# Absolute summability, square-summability and $\sum_t(\log t)^2 x_t^2<\infty$, which is the strongest?

I'm working through a few convergence conditions for time series. In particular, I have run into $$\sum_{t=1}^\infty|x_t|<\infty\tag{*},$$ $$\sum_{t=1}^\infty x_t^2<\infty,\tag{**}$$ $$\sum_{t=1}^\infty(\log t)^2x_t^2<\infty.\tag{***}$$ In all series above, $\{x_t\}$ denotes a sequence of real numbers. I have already proved that absolute summability is a strictly stronger condition than square-summability. I have also proved that ($***$) implies ($**$). But how do I compare ($*$) and ($***$) please? Could you also please give a hand on the reverse implication ($**$) $\implies$ ($***$)? I suspect it doesn't hold but I don't have a counter example.

Thank you very much.

## 2 Answers

(*) does not imply (***): to see this, set $$x_t=\left\{\begin{array}{c l} 1/n^2 , & t=2^{n^2}, n\in\mathbb N\\ 0, & {\rm otherwise}\end{array}\right.$$ The nonzero terms of $(x_t)$ are the terms $1/n^2$ for $n\in\mathbb N$, so $\displaystyle\sum_{t=1}^{\infty}|x_t|$ converges. But, the series $\displaystyle\sum_{t=1}^{\infty}\log^2t\cdot x_t^2$ does not converge, since $$\log^2(2^{n^2})\cdot x_{2^{n^2}}^2=n^4\log^22\cdot\frac{1}{n^4}=\log^22,$$ which shows that the sequence $\log^2t\cdot x_t^2$ does not go to $0$ as $t\to\infty$.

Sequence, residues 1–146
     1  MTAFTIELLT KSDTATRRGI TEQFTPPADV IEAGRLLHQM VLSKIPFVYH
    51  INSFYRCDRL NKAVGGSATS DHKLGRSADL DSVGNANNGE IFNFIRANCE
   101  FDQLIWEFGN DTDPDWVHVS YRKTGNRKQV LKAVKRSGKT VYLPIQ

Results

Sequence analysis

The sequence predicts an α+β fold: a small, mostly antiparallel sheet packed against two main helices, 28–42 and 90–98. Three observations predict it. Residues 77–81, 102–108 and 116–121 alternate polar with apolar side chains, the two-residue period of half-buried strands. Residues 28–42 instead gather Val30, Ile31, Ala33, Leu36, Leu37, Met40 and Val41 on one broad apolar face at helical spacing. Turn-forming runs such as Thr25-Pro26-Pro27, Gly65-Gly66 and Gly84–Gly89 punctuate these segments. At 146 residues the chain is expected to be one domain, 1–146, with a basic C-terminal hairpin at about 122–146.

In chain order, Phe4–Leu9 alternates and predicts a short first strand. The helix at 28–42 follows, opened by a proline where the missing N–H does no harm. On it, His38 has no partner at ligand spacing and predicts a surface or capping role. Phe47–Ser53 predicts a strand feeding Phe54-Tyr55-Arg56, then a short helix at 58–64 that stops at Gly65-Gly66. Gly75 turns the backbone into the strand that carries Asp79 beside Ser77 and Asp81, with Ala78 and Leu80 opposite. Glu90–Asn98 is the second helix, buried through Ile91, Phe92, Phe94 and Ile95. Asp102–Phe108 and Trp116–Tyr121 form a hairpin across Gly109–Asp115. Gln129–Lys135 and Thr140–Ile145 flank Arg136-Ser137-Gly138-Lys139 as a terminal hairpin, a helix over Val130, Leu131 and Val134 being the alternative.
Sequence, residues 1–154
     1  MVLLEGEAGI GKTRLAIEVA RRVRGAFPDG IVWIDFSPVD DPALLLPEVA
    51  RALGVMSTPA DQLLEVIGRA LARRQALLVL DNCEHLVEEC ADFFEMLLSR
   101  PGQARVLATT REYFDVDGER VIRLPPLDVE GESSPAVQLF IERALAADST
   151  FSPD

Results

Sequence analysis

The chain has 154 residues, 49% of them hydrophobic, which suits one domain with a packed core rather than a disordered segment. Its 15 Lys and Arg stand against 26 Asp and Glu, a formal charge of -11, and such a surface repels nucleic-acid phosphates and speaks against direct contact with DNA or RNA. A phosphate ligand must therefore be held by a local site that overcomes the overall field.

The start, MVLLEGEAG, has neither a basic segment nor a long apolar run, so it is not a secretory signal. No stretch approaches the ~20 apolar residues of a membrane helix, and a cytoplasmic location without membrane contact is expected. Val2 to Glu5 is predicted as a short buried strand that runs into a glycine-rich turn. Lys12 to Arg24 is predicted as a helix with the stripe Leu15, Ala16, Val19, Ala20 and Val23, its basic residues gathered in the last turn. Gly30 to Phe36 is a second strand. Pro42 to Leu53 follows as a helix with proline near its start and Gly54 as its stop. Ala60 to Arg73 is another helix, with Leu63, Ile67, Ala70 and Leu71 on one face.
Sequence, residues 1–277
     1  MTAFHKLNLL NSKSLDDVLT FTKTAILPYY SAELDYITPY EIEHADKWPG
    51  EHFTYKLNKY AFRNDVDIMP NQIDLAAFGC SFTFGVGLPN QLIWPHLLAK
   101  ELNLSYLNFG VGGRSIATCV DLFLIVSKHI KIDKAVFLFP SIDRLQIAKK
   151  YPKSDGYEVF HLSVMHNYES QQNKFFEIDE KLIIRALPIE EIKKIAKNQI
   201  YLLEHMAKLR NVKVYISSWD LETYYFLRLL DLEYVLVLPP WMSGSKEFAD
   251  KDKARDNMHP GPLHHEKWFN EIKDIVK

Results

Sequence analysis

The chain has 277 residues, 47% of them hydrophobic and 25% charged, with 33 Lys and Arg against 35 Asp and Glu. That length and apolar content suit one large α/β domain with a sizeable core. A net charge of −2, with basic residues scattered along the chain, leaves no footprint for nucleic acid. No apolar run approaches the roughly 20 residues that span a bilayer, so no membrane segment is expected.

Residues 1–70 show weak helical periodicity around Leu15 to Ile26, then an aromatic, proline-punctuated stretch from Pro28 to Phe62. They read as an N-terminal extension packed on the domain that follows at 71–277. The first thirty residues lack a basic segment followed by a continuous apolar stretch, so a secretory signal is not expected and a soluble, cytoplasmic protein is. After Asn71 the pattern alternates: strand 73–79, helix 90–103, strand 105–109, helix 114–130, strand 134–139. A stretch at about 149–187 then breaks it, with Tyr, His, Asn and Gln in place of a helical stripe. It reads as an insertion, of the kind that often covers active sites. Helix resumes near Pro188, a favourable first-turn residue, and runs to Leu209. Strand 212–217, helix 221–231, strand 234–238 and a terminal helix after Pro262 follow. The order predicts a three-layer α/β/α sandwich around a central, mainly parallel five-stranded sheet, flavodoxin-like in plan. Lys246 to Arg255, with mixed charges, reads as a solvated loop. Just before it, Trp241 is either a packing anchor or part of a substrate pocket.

• Thanks! When $t=2^n$, isnt $\log^2t\cdot x_t^2=\frac{\log^22}{n^2}$? I think you probably have the right approach so may be some twitching will make it work. – yurnero Feb 20 '15 at 12:46
• You are right, I edited the answer. – detnvvp Feb 20 '15 at 16:29

$(***)\nRightarrow(*)$: try $x_t=1/t$

$(**)\nRightarrow(***)$: $x_t=\frac{1}{\sqrt{t}\log(t)}$ does the trick

I'm still pondering on $(*)\nRightarrow(***)$.

• +1 thanks. I'm sorry that I'm unable to accept more than one answers. :( – yurnero Feb 20 '15 at 17:01